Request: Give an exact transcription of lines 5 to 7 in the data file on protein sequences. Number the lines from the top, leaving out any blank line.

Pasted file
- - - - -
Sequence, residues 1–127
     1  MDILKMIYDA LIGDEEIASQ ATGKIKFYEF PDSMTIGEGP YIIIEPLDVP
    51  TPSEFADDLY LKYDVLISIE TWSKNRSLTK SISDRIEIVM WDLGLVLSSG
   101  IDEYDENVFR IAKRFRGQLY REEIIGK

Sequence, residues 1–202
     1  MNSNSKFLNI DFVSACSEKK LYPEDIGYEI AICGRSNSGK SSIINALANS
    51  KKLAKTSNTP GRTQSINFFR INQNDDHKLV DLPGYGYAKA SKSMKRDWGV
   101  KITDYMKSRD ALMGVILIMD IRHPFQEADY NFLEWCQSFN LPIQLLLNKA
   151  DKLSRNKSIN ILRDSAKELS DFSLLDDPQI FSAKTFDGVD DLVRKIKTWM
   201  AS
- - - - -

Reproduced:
Sequence, residues 1–202
     1  MNSNSKFLNI DFVSACSEKK LYPEDIGYEI AICGRSNSGK SSIINALANS
    51  KKLAKTSNTP GRTQSINFFR INQNDDHKLV DLPGYGYAKA SKSMKRDWGV